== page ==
9 intriguing facts about the Admiral Kuznetsov aircraft carrier

Russia's Northern Fleet aircraft-carrying heavy cruiser Admiral Kuznetsov docked at Severomorsk after a mission in the Atlantic and Mediterranean. Photo courtesy of Information and Public Relations Service of the Russian Navy.

Russia's Northern Fleet aircraft-carrying heavy cruiser Admiral Kuznetsov docked at Severomorsk after a mission in the Atlantic and Mediterranean. Photo courtesy of Information and Public Relations Service of the Russian Navy.

RIA Novosti
On January 20, 2016, the Admiral Kuznetsov aircraft carrier celebrates 25 years of service in the Russian Navy. RBTH has compiled nine interesting facts about the ship.

1. Unique in its class

The Admiral Kuznetsov is an aircraft-carrying cruiser – in other words, an aircraft carrier with powerful missiles. Russia is the only country in the world with such a heavily armed aircraft carrier: the aircraft carriers of other countries are essentially just floating airbases.

2. The biggest

The Admiral Kuznetsov is the biggest ship ever built in the USSR or Russia, with a displacement of nearly 62,000 tons.

3. A ship with many names

The Admiral Kuznetsov holds the record for the most name changes of any ship in Russian naval history. Initially launched as the Riga, it was renamed first as the Leonid Brezhnev, then as the Tbilisi, before finally being named for the Soviet Naval Admiral Nikolai Kuznetsov.

Source: YouTube/CtrlAltDel

4. Ski jump, not a catapult

The Admiral Kuznetsov could have had a catapult launch, but for economic reasons military authorities opted for a flight deck with a ski-jump springboard for conventional takeoffs and landings of naval aircraft.

5. Aircraft wing provides onshore training

Back in Soviet times, a special onshore training center imitating an aircraft carrier's springboard was built in Crimea for training military pilots of carrier-based aircraft. For a long time, this center belonged to Ukraine, but following the controversial events surrounding Crimea in 2014, Russia has once again taken control of the center.

6. Standing up for itself

The Admiral Kuznetsov is very well armed. It needs escort ships, too, but not as many as its American counterparts. It can defend itself if necessary: its 12 Granit anti-ship cruise missiles, six AK-630 automatic weapon systems, two Udav rocket launchers with 60 depth charges, a Kinzhal surface-to-air missile system and a Kortik gun-missile system, prevent the enemy from getting too close, whether from the air or from underwater.

7. Aircraft carrier escapes

Following the collapse of the USSR, the Admiral Kuznetsov could have been inherited by Ukraine, which claimed ownership of it. In 1991, the ship, then assigned to the Northern Fleet, underwent tests with the Black Sea Fleet in Feodosia, leaving it in Ukrainian territory. However, the first deputy commander of the Northern Fleet flew to Ukraine at once and stepped in. The vice admiral gave the order to raise the anchor immediately and head for Severodvinsk. With its navigation lights off, the ship left its harbor and spent more than three weeks sailing to its permanent base without any aircraft and without two thirds of its crew, who were off-duty at the time. Having saved the aircraft carrier, the vice admiral rightly judged that the sailors would “catch us by train,” and that the aircraft remaining at the onshore airbase would “get there by themselves.”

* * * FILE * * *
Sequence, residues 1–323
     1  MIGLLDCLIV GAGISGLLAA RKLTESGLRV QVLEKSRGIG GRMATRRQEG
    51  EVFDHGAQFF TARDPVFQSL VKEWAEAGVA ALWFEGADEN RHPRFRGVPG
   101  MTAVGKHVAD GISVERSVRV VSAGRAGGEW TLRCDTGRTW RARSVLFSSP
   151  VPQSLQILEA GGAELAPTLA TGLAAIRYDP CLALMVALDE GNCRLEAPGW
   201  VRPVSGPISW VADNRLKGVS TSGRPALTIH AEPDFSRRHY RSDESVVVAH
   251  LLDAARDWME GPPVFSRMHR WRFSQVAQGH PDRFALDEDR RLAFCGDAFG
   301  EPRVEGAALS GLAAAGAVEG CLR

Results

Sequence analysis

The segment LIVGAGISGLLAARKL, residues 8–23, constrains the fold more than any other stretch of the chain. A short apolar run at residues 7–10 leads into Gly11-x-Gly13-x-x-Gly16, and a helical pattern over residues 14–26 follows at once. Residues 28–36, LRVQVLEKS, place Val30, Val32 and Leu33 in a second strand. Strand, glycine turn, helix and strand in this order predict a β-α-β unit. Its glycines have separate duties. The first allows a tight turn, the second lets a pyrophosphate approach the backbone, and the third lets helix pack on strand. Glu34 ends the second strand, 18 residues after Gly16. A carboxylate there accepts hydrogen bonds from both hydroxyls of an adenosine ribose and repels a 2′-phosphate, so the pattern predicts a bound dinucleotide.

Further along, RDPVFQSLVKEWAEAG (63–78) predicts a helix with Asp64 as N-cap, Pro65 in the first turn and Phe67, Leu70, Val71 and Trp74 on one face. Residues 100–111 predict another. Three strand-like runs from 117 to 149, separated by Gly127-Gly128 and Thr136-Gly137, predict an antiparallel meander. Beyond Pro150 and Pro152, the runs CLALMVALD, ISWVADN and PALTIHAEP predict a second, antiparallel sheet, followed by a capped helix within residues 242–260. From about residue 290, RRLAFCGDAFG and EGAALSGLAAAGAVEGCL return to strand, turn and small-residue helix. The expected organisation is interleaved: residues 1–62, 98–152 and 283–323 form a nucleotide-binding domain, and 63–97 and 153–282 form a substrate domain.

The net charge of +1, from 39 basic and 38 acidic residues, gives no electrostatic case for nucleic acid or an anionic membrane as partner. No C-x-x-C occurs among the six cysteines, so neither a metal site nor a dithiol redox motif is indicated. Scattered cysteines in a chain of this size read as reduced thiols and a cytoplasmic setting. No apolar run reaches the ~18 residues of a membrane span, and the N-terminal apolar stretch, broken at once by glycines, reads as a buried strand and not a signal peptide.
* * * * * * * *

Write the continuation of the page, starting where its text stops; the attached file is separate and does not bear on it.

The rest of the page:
8. A miraculous survivor

Had the Admiral Kuznetsov stayed in Ukraine, it could have suffered the unenviable fate of its fellow ships from Project 1143. The Kiev cruiser now entertains tourists in China as a museum and hotel, while the Ulyanovsk ship was dismantled for parts. The Novorossiysk and Minsk vessels were sold to South Korea for scrap, but the latter ended up in China and also became a museum. Ukraine also sold the Varyag boat to China, which apparently intended to turn it into a floating casino. However, the Chinese government decided to rebuild it as the Liaoning, China's first aircraft carrier.

9. The most irreplaceable

In 2015 Russia's military command announced that it would be at least five years before any decision was made on whether to build a second aircraft carrier. However, the country's armament program for 2020 does not envisage the construction of an aircraft carrier, so the Admiral Kuznetsov will likely remain Russia's only such vessel for the foreseeable future.

Read more: 10 facts about the ‘Moskva’ cruiser>>>

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